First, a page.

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Nuart Theatre
Photograph: Courtesy CC/Flickr/Thomas Hawk

The best movie theaters in Los Angeles

Movie theaters are a dime a dozen here around L.A., but these classic cinemas are a reel above the rest.

By Kate Wertheimer and Michael Juliano

Movie theaters were allowed to reopen in L.A. County on March 15, however some cinemas have yet to announce their plans. When they do reopen, here’s how the moviegoing experience will be different.

Guys, it’s L.A. If Hollywood is the local industry, there’s no shortage of places to check out the resulting product. There are movie theaters, screening rooms, DIY projections, outdoor screenings and local film events everywhere. But when you’re looking for the best possible place to plant yourself for two hours of cinematic bliss, there are a few spots that rise above the rest. Whether you’re into arthouse, black-and-white, B-movie bonanzas or the most luxurious assigned-seating theater/cocktail lounge, this city has it all. Here are our picks for the best movie theaters and classic cinemas L.A. has to offer.

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Nuart Theatre
Photograph: Courtesy CC/Flickr/Thomas Hawk

Nuart Theatre

Movie theaters Independent Sawtelle

Exclusive engagements of independent movies, foreign flicks, arthouse curios and restored classics fill the calendar at this longstanding operation, run by the folks behind the Landmark in West L.A. and the Regent in Westwood. There are midnight screenings on Fridays (the ever-changing and always amazing CineInsomnia series) and Saturdays (always dedicated to the Rocky Horror Picture Show). Just nearby stands CineFile Video, a cult rental store that specializes in rare, unusual and hard-to-find films.

New Beverly Cinema
Photograph: Courtesy CC/Flickr

New Beverly Cinema

Movie theaters Independent Fairfax District

The New Beverly reopens June 1.

Cinephiles study their ABCs at this beloved grindhouse, backed by no less a student of the medium than Quentin Tarantino, who has a personal hand in booking much of the programming. Tarantino is known for his love of old-school film formats and he has outfitted the New Bev to show as many of them as possible, with four-track mag heads and a 16mm projector among the offerings. On your way into a showing, take a second to glance around at the walls, which have been decorated with a collection of large-scale vintage European movie posters.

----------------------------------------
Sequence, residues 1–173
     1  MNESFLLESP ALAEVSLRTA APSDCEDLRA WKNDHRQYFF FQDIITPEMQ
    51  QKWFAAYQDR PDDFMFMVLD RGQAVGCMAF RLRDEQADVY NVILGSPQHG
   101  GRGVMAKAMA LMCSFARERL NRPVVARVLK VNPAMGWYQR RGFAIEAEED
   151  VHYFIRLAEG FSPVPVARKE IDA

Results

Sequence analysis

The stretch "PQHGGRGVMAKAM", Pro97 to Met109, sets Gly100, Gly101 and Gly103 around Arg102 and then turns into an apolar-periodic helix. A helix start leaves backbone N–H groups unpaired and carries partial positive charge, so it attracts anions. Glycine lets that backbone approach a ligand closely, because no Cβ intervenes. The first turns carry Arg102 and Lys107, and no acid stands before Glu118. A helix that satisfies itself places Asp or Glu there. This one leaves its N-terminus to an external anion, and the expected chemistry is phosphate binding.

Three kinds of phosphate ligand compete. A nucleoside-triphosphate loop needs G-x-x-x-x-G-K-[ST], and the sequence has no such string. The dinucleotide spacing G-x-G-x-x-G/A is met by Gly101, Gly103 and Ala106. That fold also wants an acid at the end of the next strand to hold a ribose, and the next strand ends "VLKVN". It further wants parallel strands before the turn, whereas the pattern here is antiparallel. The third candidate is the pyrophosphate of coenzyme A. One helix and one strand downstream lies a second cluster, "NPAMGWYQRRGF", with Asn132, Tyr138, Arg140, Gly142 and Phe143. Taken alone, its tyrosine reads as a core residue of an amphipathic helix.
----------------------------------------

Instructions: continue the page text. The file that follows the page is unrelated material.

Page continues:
Chinese Theatre
Photograph: Courtesy CC/Flickr/Tim Wang

TCL Chinese Theatre

Movie theaters Multiplex Hollywood

Look, the forecourt of this iconic movie theater is a tourist-choked hot mess. But beyond those foot and hand prints, it’s an entirely different story. You can avoid the crowds by catching a flick inside, where the auditorium is as stunning as the IMAX screen’s laser projection quality. Note that the historic theater is attached to a six-screen multiplex; you’ll want to ignore those and splurge on the main theater (listed online as Auditorium 7), which typically shows a single blockbuster at a time.

Laemmle Playhouse 7
Photograph: Courtesy Laemmle

Laemmle Playhouse 7

Movie theaters Multiplex Pasadena Playhouse District

In L.A., Laemmle Theaters is one of the most hallowed places to watch the best in independent and foreign films. With eight locations all over the Greater LA region, Laemmle (say “LEM-lee”) is a cornerstone for great film, previews, screenings and events. Established in 1938, the company is still family-run by (you guessed it) the Laemmles. Rent out one of their theaters for a special event, and check their website for an ever-changing list of staff favorites, if you’re torn on which flick to see. And remember to take advantage of their plentiful discounts, including the free Sneak Preview Club, Student Sundays and Free Popcorn Thursdays.

El Capitan Theatre
Photograph: Courtesy CC/Flickr/Nan Palmero

El Capitan

Movie theaters Multiplex Hollywood

Yearning to relive your childhood and indulge in a Disney flick? El Capitan’s your spot: The lavish 1926-built theater screens old and new classics like Cinderella, The Nightmare Before Christmas and Finding Nemo, as well as first-run movies from the Disney companies, including Pixar, Marvel and Lucasfilm. Tickets are indeed pricier than your run-of-the-mill cinema, but then again, where else do you get to see a 2,500-pipe organ be played before the show? A kid-friendly performance typically precedes each screening, as well.

The Landmark Theater
Photograph: Courtesy the Landmark

The Landmark

Movie theaters Multiplex Westside

This swanky theater has 12 auditoriums, top-notch digital projection and sound and more than 3,000 parking spaces for you and all your friends… and all their friends. The Landmark also boasts the best theater food in the city. There’s a full-service wine bar—which, in addition to red, white and bubbly, has a pretty great beer list—offering happy hour discounts and cappuccinos. It also has a tasty and reasonably priced menu with fancy eats (like a prosciutto and provolone sandwich and an artisan cheese plate) alongside more traditional theater favorites like the hallowed Hebrew National hot dog (served on a bun from La Brea Bakery). You can rent the entire theater for special events, or get cozy in the venue’s luxury screening room.